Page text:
Have questions about being Big?

Frequently Asked Questions

Q:  Do Bigs receive any training or help once we’re matched?

A:  Yes, you will attend an in-person training that walks you through situational scenarios to help prepare you for your Match.  In addition, your Match Support Specialist will be there every step of the way to offer customized support as your Match progresses.  We also offer monthly training sessions facilitated by a licensed therapist.

Q:  How often do Bigs and Littles get together?

A:  Community-based Bigs meet a minimum of twice per month.  School-based Bigs meet once a week when school is in session,

Q:  What support is provided to me and my Little?

A:  Anytime you are unsure about things, your Match Support Specialist is willing to help.  They can provide you with ideas for activities, guidance for handling possible difficult situations, and feedback on how you are making a difference.

Q:  How long is my volunteer commitment?

A:  We focus on one-to-one relationships between you and your Little.  And for relationships to be impactful and effective, they have to take time.  That’s why we require a minimum one-year commitment.  However, most friendships last longer.  Some even last a lifetime.

Q:  What are some good ideas for outings with my Little?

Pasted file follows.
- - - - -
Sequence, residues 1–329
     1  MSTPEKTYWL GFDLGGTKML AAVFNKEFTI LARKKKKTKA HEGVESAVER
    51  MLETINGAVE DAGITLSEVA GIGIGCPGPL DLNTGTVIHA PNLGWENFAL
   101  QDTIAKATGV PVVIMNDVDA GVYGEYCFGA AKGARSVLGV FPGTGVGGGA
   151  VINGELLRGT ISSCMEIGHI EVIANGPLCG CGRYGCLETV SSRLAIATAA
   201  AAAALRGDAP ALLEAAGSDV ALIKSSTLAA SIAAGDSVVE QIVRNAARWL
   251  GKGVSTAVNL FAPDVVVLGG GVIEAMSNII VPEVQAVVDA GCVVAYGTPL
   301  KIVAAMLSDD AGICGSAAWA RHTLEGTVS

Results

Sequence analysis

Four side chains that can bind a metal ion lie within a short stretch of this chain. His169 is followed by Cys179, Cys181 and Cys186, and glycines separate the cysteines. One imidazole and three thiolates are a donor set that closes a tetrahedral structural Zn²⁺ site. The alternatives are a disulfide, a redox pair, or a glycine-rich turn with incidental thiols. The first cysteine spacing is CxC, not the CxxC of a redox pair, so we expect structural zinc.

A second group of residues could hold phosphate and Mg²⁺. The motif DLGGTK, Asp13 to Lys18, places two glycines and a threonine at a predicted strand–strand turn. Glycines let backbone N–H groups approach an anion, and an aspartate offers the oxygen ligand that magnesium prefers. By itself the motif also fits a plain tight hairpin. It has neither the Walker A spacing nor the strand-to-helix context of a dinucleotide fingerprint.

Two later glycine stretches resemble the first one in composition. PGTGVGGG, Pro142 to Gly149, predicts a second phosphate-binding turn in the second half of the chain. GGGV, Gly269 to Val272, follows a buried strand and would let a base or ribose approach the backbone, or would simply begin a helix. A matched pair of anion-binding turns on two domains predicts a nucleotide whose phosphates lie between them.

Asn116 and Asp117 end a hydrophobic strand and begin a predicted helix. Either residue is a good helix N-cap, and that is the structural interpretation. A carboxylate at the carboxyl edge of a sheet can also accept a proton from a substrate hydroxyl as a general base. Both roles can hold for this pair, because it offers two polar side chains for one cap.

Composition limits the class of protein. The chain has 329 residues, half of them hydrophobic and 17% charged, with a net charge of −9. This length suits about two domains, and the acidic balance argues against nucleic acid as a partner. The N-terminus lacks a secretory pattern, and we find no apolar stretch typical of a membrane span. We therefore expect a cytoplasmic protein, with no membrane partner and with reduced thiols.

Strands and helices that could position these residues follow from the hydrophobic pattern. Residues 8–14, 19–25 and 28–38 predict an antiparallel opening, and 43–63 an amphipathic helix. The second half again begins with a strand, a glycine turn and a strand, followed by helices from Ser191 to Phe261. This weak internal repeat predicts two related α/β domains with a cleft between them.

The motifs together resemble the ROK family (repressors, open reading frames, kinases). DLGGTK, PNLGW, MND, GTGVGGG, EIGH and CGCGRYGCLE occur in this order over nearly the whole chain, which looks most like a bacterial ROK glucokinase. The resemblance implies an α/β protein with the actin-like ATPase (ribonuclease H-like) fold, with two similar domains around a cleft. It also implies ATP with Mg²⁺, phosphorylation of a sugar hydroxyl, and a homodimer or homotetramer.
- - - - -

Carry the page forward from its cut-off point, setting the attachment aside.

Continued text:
A:  Share an activity that gives you something in common to talk about. Go to the library, check out a book and read together. Buy a comic book to read together. Play a board game. Go on a nature walk. Hit a bucket of golf balls at the local driving range. Take a ride in the car with the radio on and talk about the music you like. You want to select activities that give each of you a chance to learn more about one another. For children, playing can be learning. Most important: keep it simple and enjoy yourselves!

Q:  What are some good ideas for outings with my Little?

A:  Share an activity that gives you something in common to talk about. Go to the library, check out a book and read together. Buy a comic book to read together. Play a board game. Go on a nature walk. Hit a bucket of golf balls at the local driving range. Take a ride in the car with the radio on and talk about the music you like. You want to select activities that give each of you a chance to learn more about one another. For children, playing can be learning. Most important: keep it simple and enjoy yourselves!